Those are things that stick in one's craw when we are here again debating the salary of members of Parliament. It becomes a big controversial issue in the public about how much money we make and how it is decided, and we all get drawn into it.

    For me it was the height of cynical and opportunistic politics in the way the Prime Minister dealt with this issue before we came back in the fall. I think that even members in the Liberal caucus were dismayed and rather shocked at how this was dealt with.

    The government House leader was correct when he said that it will be the will of Parliament as to what we do. We are a minority Parliament, and yes, theoretically the opposition parties could get together and agree to vote down the bill, make a decision to do whatever in terms of MP compensation and it would carry. However that is not the point. I think we have to stick to the principle, which is that there has to be an independent process.

    I have heard a lot of discussion today on what will happen to the Judges Act when it comes before us. As we know the previous increase that would have come forward was linked to the quadrennial report of a judge's increase. I think the feeling now is that if it is not good enough for the MPs why should it be good enough for the judges. Therefore there have been some remarks here today from the Conservative Party that it will not proceed in that manner.

    I have to say that the NDP debated this very carefully in our caucus. As much as we do not want to, as much as we detest the politics that got us to this point today, we are prepared to deal with the bill on its merit in terms of the index that is before us. We will agree that it should go to committee.

    However in terms of what takes place with another bill that comes forward on the Judges Act, we will deal with it on its merit. We will look at it at that time. We will decide, in terms of implementing those recommendations that the government has accepted on the quadrennial report, as it applies to an increase for judges. At this moment I think we would be further escalating the cynicism that is taking place and the political nature of what takes place if we said that we will just automatically turn down that increase at this point. We should wait until the bill comes forward and look at it on its own merit and on its own standing. That is what we intend to do in the NDP. That is how we will debate it.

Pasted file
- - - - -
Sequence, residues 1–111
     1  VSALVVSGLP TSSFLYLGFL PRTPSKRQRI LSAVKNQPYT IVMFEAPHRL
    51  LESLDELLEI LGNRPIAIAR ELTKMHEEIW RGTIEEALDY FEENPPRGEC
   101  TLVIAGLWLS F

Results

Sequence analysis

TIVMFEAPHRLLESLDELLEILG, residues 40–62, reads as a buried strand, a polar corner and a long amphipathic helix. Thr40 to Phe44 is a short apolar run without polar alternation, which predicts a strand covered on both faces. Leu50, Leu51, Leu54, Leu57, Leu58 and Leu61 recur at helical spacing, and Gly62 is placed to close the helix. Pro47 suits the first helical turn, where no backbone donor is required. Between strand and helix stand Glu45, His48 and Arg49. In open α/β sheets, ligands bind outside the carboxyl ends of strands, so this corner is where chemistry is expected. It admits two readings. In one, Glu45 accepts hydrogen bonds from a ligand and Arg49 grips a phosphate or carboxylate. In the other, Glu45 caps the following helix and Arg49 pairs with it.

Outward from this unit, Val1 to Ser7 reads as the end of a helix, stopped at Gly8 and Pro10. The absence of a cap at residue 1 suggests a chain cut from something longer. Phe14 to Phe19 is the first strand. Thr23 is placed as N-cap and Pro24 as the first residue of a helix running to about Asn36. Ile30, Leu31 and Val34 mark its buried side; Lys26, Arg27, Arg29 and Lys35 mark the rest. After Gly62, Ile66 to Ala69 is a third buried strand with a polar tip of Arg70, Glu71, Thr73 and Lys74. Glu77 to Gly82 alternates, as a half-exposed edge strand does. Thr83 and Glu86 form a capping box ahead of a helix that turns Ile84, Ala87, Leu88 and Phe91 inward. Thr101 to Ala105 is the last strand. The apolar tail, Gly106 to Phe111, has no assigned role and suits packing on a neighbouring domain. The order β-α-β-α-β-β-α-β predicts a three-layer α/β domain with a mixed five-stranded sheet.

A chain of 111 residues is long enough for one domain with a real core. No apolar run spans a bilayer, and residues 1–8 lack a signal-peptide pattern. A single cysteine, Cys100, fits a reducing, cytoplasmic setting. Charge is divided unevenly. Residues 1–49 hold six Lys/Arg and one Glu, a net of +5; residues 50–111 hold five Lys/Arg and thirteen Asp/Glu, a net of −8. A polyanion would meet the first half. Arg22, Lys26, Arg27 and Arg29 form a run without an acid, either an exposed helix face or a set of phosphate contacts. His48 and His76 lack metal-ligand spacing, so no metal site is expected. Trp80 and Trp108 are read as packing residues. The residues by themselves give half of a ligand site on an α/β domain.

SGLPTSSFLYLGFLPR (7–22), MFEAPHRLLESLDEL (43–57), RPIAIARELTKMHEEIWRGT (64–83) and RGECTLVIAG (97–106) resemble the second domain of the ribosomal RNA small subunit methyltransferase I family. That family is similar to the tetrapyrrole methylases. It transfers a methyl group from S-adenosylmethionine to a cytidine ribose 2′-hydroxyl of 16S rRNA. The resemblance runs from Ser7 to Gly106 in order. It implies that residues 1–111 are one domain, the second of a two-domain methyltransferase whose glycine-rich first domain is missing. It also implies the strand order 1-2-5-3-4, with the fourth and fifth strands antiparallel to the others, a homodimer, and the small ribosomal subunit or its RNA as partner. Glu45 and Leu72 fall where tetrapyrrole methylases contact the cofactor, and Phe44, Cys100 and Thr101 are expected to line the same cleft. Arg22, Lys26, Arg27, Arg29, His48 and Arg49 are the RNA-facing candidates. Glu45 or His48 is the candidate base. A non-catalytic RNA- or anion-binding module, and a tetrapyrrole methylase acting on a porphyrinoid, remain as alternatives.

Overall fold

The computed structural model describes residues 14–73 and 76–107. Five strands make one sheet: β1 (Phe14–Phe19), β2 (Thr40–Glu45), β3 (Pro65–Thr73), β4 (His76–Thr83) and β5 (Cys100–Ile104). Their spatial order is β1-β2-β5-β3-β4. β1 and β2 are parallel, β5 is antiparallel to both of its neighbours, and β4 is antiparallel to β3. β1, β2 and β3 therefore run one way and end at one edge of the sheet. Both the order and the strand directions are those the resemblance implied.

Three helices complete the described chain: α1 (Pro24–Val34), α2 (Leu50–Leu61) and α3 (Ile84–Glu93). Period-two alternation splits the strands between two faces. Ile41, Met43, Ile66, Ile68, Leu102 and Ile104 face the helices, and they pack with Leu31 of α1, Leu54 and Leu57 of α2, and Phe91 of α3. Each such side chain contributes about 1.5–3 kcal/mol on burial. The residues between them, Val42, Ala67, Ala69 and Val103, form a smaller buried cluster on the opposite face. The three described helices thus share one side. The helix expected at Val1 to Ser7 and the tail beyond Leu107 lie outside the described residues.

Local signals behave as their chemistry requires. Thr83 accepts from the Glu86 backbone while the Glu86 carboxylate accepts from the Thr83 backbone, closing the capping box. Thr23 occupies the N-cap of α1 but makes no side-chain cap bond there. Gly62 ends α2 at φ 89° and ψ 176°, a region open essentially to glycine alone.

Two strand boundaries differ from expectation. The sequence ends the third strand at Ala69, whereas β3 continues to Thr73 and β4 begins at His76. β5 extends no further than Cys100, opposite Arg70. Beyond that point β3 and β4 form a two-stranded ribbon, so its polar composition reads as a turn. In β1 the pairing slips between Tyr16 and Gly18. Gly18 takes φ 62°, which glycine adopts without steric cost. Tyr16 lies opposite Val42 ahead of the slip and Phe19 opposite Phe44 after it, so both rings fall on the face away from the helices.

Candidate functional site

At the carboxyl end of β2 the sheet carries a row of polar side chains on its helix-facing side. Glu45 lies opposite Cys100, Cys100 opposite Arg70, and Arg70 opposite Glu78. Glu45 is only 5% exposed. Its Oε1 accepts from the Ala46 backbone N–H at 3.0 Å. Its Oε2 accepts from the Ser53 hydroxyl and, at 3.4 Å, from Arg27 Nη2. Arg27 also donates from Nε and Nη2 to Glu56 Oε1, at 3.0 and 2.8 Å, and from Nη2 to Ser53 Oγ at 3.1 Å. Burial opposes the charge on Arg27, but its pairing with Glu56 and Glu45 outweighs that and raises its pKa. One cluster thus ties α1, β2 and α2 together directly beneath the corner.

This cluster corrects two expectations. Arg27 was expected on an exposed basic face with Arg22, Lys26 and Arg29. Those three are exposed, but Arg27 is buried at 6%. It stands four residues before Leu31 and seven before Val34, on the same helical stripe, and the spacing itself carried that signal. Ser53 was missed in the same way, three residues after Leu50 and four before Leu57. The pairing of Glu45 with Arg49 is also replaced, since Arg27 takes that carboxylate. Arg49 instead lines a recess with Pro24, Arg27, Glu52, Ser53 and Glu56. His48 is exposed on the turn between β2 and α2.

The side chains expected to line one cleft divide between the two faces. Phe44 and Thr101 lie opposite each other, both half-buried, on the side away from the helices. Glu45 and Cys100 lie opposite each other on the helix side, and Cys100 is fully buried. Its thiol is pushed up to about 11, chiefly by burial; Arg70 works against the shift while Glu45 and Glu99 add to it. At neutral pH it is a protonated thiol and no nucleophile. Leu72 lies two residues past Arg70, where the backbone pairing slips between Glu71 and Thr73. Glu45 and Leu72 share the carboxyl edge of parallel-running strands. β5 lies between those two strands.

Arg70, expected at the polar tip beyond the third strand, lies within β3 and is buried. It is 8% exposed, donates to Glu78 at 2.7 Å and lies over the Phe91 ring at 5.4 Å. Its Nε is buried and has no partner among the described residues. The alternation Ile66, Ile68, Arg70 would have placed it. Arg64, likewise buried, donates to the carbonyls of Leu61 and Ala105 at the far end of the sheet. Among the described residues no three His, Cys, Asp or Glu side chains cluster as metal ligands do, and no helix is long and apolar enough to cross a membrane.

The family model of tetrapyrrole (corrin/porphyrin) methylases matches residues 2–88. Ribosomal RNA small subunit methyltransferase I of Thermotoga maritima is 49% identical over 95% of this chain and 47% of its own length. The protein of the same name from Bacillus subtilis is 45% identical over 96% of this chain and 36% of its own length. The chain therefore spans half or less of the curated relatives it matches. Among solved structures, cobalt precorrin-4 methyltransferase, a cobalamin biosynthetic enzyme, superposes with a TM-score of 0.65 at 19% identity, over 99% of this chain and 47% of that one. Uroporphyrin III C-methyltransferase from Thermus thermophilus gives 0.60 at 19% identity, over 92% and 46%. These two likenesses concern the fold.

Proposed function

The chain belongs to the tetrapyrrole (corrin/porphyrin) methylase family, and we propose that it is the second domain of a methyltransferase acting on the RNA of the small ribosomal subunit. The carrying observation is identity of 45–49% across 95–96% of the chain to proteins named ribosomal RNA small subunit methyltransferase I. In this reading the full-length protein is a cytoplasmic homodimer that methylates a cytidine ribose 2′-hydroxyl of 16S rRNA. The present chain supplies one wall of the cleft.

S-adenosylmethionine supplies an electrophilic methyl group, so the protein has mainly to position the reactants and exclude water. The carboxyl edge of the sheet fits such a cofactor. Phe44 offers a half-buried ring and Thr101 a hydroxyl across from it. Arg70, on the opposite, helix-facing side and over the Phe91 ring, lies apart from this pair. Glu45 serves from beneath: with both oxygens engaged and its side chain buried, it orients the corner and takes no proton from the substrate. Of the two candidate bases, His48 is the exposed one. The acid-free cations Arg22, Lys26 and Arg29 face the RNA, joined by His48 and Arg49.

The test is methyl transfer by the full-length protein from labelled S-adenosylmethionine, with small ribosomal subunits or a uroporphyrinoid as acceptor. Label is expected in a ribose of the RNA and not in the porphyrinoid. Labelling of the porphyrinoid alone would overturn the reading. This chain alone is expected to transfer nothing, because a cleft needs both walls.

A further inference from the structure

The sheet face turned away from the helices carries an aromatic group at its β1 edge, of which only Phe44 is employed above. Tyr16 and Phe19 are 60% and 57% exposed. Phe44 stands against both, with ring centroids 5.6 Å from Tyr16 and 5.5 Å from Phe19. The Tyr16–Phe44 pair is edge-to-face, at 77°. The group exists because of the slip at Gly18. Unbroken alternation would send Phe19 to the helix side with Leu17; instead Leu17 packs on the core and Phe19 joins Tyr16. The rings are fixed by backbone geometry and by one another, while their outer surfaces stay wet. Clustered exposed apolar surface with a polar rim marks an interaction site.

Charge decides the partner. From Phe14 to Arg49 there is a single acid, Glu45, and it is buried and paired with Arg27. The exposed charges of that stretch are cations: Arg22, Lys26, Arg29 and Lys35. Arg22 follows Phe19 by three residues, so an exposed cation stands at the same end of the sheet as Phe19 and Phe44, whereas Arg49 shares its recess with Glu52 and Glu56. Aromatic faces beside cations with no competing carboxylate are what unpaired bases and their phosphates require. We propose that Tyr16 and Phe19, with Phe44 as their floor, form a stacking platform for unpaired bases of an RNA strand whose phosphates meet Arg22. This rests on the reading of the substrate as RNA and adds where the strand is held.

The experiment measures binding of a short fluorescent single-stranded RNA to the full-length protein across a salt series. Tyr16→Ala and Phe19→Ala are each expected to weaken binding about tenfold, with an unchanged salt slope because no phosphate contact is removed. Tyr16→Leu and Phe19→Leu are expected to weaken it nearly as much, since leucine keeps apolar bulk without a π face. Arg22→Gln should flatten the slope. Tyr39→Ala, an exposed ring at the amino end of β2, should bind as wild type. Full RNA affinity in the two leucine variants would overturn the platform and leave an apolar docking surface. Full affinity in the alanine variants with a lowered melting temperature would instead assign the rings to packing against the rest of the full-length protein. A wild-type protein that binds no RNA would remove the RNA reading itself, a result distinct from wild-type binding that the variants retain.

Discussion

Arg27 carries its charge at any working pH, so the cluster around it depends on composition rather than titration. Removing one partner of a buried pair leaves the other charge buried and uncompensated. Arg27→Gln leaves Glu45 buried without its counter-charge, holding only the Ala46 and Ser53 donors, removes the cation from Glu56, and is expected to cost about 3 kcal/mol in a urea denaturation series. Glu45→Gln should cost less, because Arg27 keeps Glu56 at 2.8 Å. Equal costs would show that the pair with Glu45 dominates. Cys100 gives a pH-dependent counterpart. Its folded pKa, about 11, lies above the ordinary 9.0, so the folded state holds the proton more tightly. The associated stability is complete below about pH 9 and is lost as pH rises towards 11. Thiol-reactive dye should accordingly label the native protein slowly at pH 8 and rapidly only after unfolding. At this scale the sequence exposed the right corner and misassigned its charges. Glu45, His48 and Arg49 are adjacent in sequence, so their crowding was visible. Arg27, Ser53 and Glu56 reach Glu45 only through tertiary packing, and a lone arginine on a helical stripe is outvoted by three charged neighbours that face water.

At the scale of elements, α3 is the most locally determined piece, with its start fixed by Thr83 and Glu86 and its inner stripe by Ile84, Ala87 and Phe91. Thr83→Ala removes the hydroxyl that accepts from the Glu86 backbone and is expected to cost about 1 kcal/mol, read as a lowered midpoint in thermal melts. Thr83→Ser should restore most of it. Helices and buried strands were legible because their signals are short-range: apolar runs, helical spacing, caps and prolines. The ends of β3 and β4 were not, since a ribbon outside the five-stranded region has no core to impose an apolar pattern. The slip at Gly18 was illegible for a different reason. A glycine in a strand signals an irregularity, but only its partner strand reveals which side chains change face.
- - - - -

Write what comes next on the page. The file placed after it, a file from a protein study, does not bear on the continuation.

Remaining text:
The bill will likely go to committee very shortly and we will support that. We will look at the index that is being proposed and we will probably support it.

    I think the way it has been handled smacks of the kind of politics that we have come to expect from the Prime Minister. He does not have the kind of backbone to stick with a decision that has been made. If we are talking about what is fair, then let us get to the essence of it.

  +-(1655)  

    Let us talk about what is fair for Canadians, particularly those who are struggling in our society because of government cutbacks, the cutbacks made by the Prime Minister when he was finance minister over the last decade. That should be the real politics of what is going on in this place, not MP compensation.